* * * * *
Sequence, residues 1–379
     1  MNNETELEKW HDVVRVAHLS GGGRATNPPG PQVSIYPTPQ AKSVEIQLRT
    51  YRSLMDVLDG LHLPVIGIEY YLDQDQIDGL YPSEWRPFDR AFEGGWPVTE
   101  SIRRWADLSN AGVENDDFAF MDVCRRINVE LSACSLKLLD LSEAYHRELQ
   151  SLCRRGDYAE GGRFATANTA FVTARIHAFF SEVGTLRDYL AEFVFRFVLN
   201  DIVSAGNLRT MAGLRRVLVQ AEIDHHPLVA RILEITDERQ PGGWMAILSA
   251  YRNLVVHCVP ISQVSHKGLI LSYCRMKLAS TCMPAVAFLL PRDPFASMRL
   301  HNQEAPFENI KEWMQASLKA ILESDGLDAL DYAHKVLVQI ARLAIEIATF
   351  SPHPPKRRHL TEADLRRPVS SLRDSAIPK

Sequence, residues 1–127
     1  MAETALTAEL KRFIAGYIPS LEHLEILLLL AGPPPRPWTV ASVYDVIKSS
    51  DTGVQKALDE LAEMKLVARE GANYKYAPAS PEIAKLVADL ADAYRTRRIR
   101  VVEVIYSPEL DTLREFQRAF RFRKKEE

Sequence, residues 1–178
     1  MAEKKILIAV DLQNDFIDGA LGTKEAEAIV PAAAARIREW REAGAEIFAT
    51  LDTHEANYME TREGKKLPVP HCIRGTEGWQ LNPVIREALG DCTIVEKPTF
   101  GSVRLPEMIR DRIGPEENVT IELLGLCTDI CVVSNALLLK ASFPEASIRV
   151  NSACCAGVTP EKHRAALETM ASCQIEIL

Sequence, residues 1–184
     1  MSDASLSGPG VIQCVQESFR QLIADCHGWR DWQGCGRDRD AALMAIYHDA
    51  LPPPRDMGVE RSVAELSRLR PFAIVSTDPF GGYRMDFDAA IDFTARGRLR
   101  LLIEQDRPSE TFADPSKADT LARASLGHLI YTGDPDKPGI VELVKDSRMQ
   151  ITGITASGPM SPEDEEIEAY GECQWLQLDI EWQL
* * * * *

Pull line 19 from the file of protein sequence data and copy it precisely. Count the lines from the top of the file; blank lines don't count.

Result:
Sequence, residues 1–184